Arts & Culture

Dispel the Southern Belle

In 2015, the Dogwood Ball, one of the debutante balls in Knoxville, Tennessee, required that women fulfill three different criteria in order to receive an invitation: they had to be a sophomore in college, unmarried, and White. The Knoxville News Sentinel reported that Anne Trent, the chairperson of the Board of Governors of the East Tennessee Presentation Society, said that she did not see an issue with the 53-year-old event being segregated. Even though Trent later denied that Whiteness was a requirement for participation in the event, according to the International Business Times, all 44 debutantes presented were White.  In White-dominated populations in the South, there exists a White-centric culture that places supreme value on the image of the Southern Belle: a White woman with powdered makeup, a skinny body, straight hair, (most likely blonde), and a tauntingly picture-perfect smile.

But the image of the Southern Belle is nothing new. Tufts History professor Kerri Greenidge explains, “One of the most important things to look at historically is [that] the image of White women particularly in the South has always been predicated on the image of either enslaved women or Native American women…The whole construct of what it means to be a White woman, not just in the South but in general…that identity has always been seen in opposition to women of color.”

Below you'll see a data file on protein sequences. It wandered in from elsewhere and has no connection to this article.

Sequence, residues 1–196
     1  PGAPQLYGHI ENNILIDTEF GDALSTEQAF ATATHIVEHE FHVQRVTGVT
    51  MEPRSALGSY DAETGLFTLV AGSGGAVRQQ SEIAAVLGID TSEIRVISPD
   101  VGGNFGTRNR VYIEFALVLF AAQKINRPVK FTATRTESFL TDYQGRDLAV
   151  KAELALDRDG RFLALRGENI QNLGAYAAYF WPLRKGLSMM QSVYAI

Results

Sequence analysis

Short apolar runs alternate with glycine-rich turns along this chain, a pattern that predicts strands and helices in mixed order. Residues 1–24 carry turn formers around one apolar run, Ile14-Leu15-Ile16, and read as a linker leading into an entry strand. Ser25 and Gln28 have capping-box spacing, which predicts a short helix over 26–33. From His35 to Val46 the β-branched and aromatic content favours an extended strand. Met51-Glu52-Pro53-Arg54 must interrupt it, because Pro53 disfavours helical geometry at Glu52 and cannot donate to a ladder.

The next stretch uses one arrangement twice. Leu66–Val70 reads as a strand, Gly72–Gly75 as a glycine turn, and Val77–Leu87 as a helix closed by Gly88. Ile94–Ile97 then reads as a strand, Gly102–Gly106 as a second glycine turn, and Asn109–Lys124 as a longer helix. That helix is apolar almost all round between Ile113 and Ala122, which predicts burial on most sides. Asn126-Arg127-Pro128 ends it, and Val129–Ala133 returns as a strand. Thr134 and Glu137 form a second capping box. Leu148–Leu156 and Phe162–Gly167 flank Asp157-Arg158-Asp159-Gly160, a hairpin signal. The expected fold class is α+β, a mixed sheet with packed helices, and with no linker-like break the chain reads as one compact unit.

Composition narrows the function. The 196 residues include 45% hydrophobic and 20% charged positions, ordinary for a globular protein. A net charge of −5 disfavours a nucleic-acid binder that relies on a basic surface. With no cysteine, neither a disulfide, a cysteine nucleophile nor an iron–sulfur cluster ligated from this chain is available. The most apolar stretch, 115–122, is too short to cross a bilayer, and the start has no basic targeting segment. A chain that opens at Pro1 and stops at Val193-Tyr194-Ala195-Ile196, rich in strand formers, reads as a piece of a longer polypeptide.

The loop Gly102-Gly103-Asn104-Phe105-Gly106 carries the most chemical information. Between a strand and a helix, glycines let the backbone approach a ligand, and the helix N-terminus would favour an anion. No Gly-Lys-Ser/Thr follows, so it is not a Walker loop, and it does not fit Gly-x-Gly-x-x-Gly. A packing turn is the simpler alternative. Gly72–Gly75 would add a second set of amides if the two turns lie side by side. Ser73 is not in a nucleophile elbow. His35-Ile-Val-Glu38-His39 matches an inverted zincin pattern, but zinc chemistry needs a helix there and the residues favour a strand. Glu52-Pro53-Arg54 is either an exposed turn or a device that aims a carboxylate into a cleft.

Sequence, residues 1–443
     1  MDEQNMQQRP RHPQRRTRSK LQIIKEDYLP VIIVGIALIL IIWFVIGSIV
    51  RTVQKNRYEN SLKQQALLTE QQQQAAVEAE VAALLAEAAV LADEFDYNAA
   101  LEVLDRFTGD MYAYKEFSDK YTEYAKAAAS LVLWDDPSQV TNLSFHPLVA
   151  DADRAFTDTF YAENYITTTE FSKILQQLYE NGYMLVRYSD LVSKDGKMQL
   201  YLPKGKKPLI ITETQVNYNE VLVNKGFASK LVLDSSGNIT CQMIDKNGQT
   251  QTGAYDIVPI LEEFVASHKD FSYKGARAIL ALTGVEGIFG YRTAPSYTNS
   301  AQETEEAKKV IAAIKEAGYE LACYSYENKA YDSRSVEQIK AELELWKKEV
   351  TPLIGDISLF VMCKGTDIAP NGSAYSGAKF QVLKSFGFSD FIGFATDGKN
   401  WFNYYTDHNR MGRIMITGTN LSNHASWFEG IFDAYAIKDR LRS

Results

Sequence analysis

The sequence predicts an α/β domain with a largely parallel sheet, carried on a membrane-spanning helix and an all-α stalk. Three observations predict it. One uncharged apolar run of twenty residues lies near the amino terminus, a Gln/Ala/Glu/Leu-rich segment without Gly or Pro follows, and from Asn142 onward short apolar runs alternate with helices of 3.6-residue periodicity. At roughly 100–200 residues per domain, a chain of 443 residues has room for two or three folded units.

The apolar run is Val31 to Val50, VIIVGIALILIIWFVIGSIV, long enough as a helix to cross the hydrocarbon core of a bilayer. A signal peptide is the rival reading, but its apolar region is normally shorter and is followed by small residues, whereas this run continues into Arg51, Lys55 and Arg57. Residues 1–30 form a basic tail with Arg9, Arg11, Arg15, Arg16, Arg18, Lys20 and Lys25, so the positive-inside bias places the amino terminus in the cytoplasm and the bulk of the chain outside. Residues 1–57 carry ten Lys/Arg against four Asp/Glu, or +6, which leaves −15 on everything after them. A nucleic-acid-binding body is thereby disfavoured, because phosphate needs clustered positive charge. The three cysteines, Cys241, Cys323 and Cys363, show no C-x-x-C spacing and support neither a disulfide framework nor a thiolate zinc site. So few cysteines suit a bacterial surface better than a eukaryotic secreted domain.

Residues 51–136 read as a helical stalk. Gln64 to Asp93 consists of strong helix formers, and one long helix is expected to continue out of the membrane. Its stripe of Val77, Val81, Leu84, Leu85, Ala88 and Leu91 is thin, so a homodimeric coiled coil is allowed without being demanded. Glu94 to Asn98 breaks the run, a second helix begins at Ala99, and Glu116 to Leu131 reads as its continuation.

The Southern Belle—who was often married to a slave owner—was elevated as a symbol of virtue and superiority in order to gloss over the immorality of owning slaves. Greenridge said, “[The Southern Belles] were supposed to be moral…They were supposed to be teaching the new generation how to react, how to grow up in a moral republic of the 19th century. The flipside of that was that given that fact, and [with the] definition of White womanhood, Black women were, by default, prevented from being in the cult of domesticity because Black women were enslaved in the South.” In part due to this history, popular southern culture still idealizes White women as the golden standard for beauty, femininity, and morality.

Amanda Borquaye, a Black senior at Tufts who was raised in Savannah, Georgia, experienced the painful realities of these standards when she won the “Southern Belle” superlative at her high school. “When I found this out, I thought in [the pre-Civil War period] I would be a slave, or—if I were old enough—I would be a nanny caretaker whose job would be to bring up a beautiful Southern White Belle. So how dare I somehow get implicated in this terminology…[It] was one of the really cherished senior superlatives.”

So would a Southern Belle be a White woman whose family didn’t own slaves, like in Mississippi—would that woman be considered a Southern Belle? No. It’s constructed to be against Black women, but also against any White woman who isn’t of a certain class.” they would still be considered socially and racially on a higher plane than Black women.” Today, socioeconomic status limits who is eligible to be a true Southern Belle. “You’re a young White girl who’s living in, say, Memphis, Tennessee and your family makes less than $20,000 a year, how much are you seen as a Southern Belle in the context of young girls whose families make $70,000 a year?” Greenidge explains.